By Justin Chang
Over the past month the world has reeled as systems of global finance have begun to contract. Economists have been quick to point fingers, some towards the woes of the ailing home mortgage markets, others to a lack of liquidity in the credit markets. It seems, however, that there is general consensus around the idea that these systems have become over-leveraged. And that the effect of leverage in investment markets has reached an inflection point where the free flow of debt based capital has begun reverse.
There has been for some years now, certainly most of my life, a widespread idea that if you accumulate enough capital reserve, savings, that investment markets have the strength and savvy to parley that reserve into growth. In short it’s the idea that money can be made to make more money. Unfortunately, the lead proponents of this notion, investment banks, have begun to fail at an unprecedented rate, and accordingly those industries and institutions which relied on these banks are in for a corresponding downturn.
In an effort to stem these anticipated losses, investors or more simply
those individuals with control over a surplus of capital, have
responded with what is termed a flight to quality. Essentially,
investors are no longer looking to aggressively expand their assets,
but instead are scrambling for safe places to park them. Instead of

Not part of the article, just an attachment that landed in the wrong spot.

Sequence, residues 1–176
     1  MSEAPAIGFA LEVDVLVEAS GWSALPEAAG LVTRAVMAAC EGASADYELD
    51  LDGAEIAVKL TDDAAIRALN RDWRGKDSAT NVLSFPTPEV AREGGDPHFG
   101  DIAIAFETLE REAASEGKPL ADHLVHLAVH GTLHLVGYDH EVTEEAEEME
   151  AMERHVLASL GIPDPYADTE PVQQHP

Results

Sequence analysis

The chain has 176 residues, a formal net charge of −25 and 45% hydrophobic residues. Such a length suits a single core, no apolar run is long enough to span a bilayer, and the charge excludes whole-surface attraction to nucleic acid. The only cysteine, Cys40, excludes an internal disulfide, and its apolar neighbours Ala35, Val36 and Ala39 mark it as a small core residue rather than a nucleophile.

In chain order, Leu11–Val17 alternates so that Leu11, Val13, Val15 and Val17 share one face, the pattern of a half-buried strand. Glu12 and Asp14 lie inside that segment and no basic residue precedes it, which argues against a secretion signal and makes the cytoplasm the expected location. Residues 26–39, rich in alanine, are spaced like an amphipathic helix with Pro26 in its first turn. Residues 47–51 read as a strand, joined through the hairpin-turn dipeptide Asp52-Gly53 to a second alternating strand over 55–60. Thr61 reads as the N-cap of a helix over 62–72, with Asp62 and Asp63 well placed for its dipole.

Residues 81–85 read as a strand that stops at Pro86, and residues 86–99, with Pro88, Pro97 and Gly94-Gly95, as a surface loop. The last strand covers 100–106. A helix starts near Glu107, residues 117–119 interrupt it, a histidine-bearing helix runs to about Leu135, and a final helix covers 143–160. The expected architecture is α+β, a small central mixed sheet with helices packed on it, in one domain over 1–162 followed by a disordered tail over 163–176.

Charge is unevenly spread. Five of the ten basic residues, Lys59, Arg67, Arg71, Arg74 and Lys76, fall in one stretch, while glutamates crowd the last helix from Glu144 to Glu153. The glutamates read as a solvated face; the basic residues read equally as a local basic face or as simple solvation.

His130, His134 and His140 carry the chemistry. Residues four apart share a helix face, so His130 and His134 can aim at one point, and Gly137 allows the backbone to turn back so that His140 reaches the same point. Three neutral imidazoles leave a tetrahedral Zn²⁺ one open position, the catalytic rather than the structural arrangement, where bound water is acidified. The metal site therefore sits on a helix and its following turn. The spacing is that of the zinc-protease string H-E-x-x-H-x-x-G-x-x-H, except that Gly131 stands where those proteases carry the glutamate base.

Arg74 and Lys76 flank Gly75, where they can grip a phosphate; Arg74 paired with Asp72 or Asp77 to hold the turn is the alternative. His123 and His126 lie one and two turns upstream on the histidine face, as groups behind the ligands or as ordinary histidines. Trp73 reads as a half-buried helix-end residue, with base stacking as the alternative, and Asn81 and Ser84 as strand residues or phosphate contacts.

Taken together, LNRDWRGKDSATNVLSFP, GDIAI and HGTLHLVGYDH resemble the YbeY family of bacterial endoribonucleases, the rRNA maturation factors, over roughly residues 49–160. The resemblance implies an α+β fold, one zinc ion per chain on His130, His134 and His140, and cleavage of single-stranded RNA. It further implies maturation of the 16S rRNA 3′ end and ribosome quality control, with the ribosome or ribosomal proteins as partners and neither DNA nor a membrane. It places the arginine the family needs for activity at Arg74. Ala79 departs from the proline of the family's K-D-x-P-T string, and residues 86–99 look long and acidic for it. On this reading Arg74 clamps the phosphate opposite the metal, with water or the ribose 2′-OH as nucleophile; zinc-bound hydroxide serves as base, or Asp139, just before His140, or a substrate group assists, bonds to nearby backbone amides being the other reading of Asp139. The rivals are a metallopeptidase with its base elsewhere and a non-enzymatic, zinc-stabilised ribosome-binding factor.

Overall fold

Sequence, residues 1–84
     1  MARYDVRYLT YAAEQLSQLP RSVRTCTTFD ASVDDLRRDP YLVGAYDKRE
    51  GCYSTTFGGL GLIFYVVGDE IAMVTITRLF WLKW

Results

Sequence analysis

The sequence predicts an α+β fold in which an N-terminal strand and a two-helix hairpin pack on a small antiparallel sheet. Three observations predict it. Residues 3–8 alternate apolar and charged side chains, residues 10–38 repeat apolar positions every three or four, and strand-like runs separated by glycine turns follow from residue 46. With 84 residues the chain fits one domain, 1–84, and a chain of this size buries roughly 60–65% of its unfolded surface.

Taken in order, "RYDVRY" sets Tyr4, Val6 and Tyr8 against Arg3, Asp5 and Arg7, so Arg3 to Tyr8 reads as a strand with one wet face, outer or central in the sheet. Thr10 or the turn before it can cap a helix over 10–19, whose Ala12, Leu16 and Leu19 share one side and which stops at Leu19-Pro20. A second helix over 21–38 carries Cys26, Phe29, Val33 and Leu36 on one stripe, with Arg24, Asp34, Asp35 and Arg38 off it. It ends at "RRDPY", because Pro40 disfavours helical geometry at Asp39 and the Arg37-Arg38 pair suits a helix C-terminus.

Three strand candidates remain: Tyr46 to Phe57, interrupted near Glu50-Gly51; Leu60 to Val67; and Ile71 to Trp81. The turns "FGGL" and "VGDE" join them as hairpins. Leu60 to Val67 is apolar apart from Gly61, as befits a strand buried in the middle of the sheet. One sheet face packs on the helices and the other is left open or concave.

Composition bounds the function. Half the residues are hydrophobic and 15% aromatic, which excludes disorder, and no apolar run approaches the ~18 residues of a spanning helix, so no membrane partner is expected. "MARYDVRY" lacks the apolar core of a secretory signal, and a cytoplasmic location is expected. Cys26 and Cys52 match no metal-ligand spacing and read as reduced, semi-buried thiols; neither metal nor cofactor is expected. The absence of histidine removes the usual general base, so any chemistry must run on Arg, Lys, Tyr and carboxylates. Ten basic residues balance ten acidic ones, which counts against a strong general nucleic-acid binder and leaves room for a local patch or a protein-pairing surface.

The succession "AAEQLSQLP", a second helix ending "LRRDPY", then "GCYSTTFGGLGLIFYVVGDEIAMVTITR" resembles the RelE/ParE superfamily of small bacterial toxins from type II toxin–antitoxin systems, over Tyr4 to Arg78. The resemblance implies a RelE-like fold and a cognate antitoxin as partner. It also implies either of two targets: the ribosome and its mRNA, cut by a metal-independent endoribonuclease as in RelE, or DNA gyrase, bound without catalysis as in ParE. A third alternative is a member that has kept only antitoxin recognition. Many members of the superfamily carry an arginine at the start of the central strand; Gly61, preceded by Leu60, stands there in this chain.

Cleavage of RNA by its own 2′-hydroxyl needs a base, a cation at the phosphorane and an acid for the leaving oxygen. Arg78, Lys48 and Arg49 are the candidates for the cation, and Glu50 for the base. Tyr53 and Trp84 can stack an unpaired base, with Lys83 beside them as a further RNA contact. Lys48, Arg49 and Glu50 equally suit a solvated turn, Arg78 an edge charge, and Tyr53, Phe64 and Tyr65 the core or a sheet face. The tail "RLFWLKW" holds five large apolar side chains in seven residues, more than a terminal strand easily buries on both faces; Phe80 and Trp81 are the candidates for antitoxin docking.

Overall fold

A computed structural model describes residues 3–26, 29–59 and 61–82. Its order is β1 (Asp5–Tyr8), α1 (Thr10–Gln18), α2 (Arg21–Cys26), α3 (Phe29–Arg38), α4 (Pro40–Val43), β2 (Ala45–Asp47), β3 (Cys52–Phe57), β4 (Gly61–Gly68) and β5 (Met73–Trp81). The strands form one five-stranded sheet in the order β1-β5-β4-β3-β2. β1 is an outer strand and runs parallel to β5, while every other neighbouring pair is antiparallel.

investing in markets by buying corporate bonds, funding infrastructure
or building houses, money is flooding into government bonds, savings
accounts, and cash reserves.
The imminent consumer recession that we all fear coming is going to
be the consequences of that retreat. Less investment in markets will
lead to fewer jobs and a drop in quality of life across the economic
spectrum, which means less money flowing through the system, and an
overall dampening of supply versus demand.
Similar to investors, consumers view governments as the last
reserve of quality. If no companies can offer jobs, why won’t the
government provide one for me? If I can no longer service my
individual debt, what can the government do to keep me in my home and
keep food in my refrigerator? To me, discussions along these lines
represent a sort of consumer flight to quality.
The daunting question becomes then, can government step up to the
demands for real value? America was founded on the notion that a
government is a body comprised of representative members of its own
population, a government by the people and for the people and so on.
Where then does the perceived quality lay? What measure of effort will
be required to ensure that both the investment class and average
citizen will be well served by its representatives? Who, in a sense,
will create the quality and value upon which the socio-economic balance
These are the underlying questions which drive me in an attempt to
illuminate our increasingly murky economic picture. Our forefathers
are famous for the claim of “no taxation without representation” and
over the course of the next few articles I’d like to explore the state
of our economy with the goal of figuring out how well represented we
and our tax dollars are nowadays. I hope you and the readers of The DB
will join me in this effort to comprehend the new rules of how
government, finance, and individual responsibility intertwine.